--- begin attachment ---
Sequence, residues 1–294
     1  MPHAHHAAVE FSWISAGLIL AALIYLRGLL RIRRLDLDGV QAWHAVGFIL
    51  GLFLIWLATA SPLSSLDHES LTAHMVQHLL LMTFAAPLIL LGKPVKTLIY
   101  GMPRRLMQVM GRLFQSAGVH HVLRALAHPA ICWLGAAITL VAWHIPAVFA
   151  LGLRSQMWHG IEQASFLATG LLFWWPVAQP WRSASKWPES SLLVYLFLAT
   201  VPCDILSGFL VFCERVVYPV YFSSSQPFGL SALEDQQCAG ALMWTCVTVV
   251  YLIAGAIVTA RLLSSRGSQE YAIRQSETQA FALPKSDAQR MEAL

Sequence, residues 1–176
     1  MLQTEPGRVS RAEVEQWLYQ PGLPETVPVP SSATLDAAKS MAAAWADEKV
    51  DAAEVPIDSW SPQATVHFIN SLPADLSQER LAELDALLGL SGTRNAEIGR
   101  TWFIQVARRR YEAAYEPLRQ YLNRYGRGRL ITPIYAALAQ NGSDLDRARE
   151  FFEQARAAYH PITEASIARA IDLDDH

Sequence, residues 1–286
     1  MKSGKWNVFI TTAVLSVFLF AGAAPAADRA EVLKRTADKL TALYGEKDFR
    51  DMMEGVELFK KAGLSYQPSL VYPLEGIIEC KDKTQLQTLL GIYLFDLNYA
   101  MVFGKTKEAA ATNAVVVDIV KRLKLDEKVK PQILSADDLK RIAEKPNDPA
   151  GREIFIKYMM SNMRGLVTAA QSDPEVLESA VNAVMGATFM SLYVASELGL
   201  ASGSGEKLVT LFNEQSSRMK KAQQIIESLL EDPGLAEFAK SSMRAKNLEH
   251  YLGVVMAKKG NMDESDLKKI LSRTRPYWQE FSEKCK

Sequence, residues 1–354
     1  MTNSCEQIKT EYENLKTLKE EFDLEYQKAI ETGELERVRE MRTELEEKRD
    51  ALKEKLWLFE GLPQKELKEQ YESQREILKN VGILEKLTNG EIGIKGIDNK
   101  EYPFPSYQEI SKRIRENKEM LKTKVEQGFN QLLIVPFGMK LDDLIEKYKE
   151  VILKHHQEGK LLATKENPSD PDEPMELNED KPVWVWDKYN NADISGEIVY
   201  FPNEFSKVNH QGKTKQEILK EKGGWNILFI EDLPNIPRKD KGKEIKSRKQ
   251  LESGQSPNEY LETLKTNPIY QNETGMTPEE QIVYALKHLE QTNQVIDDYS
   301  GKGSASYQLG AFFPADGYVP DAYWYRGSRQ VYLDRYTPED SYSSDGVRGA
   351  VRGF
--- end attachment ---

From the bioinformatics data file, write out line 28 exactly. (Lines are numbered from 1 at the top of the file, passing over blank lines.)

   351  VRGF